SUN 4/10

The 80s wave is back: local DJ duo Faction (DJSJ and DJ Bill Saveley) anchor an outdoor, all-ages New Wave Picnic this afternoon. You bring your own cooler and lunch to the south side of Montrose Harbor, and they’ll provide the dance tracks (think a nostalgic mix of Culture Club, Siouxsie & the Banshees, and John Hughes movie montages). They’ll be out there from approximately noon to 6 PM, weather willing. More info available here. (SCJ)

MON 4/11

PrideArts continues its Spring Film Fest with Seguimos Aquí (We’re Still Here): Pride, Pandemic, and Perseverance, streaming online today thru Sun 4/17. Four LGBTQ+-identifying Latinx Chicagoans navigate COVID-19 and interpersonal struggles over the course of 2020 in this short by director Emmanuel Garcia. Streaming is available for $10 here. (SCJ)

Monday Night Foodball this week features a visit from Tigist Reda of Uptown’s Demera Ethiopian Restaurant. You can enjoy deep-fried sambussas and meat or veggie messob platters. Best of all, as the Reader’s Mike Sula points out, proceeds go to support Health Professionals for Tigray; Reda, who was born in Tigray, has been advocating for women displaced by the civil war that’s been raging in that region of Ethiopia since November of 2020. You can pre-order through Tock for takeout or eat-in at the Kedzie Inn (4100 N. Kedzie), and walk-ins will be served until the food runs out. It kicks off at 5 PM. (KR)

TUE 4/12

The greatest baseball team in the world celebrates their season home opener (a meetup with the Seattle Mariners) this afternoon. If you’re itching to play hooky from work, you can join the crew at Reggies (2105 S. State) for a White Sox tailgate: they’ll provide camaraderie and foodstuffs starting at 10 AM today, and you can purchase a ticket package directly from the bar that includes Upper Deck admission and the use of Reggies’s bus services to get back and forth from the bar to Guaranteed Rate. The game starts at 3:10 PM (tickets here if you’re planning on just going straight to Bridgeport) and information about Reggies’s plans is here. (SCJ)

If you or someone you know is over 65 and looking to loosen up, check out the senior classes at Kemetic Yoga (4507 S. Indiana). Every Tuesday from 10-11:15 AM, participants are guided through breathing exercises and gentle poses selected with the older student in mind. Class benefits can include mental clarity, relaxation, pain relief, and improved digestion. Students will also learn about nutrition and healthy living. It’s $10/class or $80 for 10 classes, and you can Zelle, CashApp $Yogaskillspaynow, or pay in cash upon arrival. Regular yoga classes at the senior rate are also available Tuesdays and Thursdays from 6:30-8 PM, Saturday from 9-10:30 AM, and Sunday 10-11:30 AM. (MC)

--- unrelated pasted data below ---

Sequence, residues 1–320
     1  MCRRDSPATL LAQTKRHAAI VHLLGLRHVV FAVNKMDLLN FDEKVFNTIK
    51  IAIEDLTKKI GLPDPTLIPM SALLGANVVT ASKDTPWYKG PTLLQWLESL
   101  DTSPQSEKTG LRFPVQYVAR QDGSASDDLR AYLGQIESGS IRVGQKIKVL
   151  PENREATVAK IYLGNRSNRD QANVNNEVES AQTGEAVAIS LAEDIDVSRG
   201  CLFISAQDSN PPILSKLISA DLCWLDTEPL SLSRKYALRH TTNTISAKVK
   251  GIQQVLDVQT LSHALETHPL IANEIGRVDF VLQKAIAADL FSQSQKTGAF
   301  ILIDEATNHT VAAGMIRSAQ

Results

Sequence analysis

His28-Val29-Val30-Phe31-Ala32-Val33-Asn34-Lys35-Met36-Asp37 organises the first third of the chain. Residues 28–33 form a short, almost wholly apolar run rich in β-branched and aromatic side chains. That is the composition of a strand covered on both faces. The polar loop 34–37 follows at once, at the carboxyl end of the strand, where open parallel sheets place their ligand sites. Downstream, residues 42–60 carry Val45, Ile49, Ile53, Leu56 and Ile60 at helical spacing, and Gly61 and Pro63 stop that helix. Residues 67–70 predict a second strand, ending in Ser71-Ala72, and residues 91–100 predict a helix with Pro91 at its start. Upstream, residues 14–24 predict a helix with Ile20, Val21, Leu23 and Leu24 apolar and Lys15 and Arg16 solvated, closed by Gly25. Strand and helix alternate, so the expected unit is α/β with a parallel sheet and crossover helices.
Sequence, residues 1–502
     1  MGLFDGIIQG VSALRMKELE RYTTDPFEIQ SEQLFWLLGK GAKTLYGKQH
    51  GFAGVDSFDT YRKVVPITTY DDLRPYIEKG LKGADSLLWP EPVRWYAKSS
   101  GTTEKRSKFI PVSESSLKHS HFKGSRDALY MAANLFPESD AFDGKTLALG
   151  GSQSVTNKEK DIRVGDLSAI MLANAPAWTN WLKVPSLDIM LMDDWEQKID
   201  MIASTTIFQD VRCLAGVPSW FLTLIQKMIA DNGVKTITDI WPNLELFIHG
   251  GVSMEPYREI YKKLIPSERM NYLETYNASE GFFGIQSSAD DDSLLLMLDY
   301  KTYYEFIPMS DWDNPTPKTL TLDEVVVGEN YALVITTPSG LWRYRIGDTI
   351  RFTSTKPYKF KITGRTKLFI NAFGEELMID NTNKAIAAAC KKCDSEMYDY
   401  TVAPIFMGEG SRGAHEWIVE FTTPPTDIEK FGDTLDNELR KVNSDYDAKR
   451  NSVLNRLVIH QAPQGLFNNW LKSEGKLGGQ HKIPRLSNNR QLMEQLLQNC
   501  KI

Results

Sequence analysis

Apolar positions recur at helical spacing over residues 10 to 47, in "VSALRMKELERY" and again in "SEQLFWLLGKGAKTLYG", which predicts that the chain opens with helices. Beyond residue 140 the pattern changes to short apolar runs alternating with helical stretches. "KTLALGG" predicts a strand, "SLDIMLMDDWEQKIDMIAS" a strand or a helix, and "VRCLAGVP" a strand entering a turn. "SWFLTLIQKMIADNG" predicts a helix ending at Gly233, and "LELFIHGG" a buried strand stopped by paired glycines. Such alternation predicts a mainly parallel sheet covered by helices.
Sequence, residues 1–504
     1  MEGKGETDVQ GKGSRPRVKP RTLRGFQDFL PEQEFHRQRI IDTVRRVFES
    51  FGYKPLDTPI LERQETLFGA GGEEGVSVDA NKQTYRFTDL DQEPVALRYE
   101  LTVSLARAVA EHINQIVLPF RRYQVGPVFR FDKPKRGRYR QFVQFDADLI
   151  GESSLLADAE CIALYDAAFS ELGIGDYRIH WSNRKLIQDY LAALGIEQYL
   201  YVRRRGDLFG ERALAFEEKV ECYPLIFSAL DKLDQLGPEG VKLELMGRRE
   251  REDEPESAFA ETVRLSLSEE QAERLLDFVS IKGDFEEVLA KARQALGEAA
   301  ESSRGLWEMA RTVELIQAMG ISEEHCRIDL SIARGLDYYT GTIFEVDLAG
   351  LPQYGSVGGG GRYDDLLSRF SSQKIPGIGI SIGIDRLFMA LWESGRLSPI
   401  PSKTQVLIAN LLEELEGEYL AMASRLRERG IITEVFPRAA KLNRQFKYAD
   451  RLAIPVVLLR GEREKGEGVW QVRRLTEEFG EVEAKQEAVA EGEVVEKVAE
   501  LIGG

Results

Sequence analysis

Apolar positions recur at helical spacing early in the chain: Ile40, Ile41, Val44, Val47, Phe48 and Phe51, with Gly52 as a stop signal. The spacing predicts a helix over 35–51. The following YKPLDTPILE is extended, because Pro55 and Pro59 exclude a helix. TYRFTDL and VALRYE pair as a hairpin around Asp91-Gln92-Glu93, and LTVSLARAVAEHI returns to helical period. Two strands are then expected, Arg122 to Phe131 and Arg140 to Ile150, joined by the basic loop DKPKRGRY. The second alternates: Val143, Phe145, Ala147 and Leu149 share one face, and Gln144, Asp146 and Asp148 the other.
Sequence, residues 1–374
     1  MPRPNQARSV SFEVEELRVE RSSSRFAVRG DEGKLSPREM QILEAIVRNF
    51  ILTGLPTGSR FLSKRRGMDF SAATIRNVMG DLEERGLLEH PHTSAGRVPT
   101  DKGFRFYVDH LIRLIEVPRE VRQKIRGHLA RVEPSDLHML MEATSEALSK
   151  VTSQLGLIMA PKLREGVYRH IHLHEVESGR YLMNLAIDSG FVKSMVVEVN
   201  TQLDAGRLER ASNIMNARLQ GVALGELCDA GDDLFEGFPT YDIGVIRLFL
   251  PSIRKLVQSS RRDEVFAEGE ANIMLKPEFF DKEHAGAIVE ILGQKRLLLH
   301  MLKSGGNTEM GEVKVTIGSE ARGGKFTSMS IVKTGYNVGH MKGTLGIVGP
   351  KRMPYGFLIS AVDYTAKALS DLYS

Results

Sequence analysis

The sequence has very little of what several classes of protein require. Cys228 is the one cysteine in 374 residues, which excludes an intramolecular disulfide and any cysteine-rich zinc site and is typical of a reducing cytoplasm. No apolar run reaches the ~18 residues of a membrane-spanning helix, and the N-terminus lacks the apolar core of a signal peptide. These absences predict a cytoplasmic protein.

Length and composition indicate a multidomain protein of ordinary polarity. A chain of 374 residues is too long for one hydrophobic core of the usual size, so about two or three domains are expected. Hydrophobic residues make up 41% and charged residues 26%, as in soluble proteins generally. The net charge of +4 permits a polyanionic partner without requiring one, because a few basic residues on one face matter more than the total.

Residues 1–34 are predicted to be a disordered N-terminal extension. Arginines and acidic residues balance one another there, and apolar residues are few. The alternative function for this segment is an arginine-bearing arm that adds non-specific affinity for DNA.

WED 4/13

Longtime Chicago magic favorite Sean Masterson returns to the Chicago Magic Lounge (5050 N. Clark) with his new show, Message in a Bottle, which combines magic and storytelling, as is usually the case with Masterson’s work. The story in question this time concerns theatrical impresario Michael B. Leavitt, who in 1912 published a 700-page memoir in which he outlined the jealousy-fueled battle between his clients, the magic greats Alexander Herrmann and Harry Kellar. Masterson got a signed edition of Leavitt’s memoir at auction, did some research in Harry Houdini’s original archives at the Library of Congress in D.C., and is ready to tell the whole story (via sleight of hand!) of the epic struggle to be America’s greatest magician of the 19th century. The show runs Wednesdays 7 PM through 6/29; tickets are $45-$50 at (KR)

THU 4/14

From 6-8 PM tonight and tomorrow, Aywa Hafla is teaming up with the Rogers Park-based social practice collective PO Box Chicago (6900 N. Glenwood) to collect donations for their Sip and Swap. What’s a Sip and Swap? Enjoy a hot cup of tea as you leave an item, take an item, and meet fellow community members. While any donations are welcome, Aywa and PO Box are particularly interested in housewares, scarves, PPE (including masks), cleaning supplies, blankets, and towels. The Sip and Swap will be held on Saturday, April 16, noon-4 PM, and Sunday, April 17, 10 AM-4 PM. From 10 AM-noon on Saturday, there will also be special hours specifically for refugees and asylees. A member of Aywa will be available to help communicate with Arabic speakers, but PO Box welcomes volunteers to help with translating other languages. Message the collective on Instagram if interested. Please wear a mask when dropping off or browsing items. (MC)

Chicago’s longest running monthly storytelling show, This Much Is True, is back to in-person performances, scheduled for every second Thursday of the month at Mrs. Murphy & Sons Irish Bistro (3905 N. Lincoln). It’s free to watch and the evening starts at 7:30 PM. This month: six storytellers including writer Jack Zimmerman, educator and arts administrator Emily Hooper Lansana, and actor and comedian Rick Hall. More details are available at the This Much is True website. (SCJ)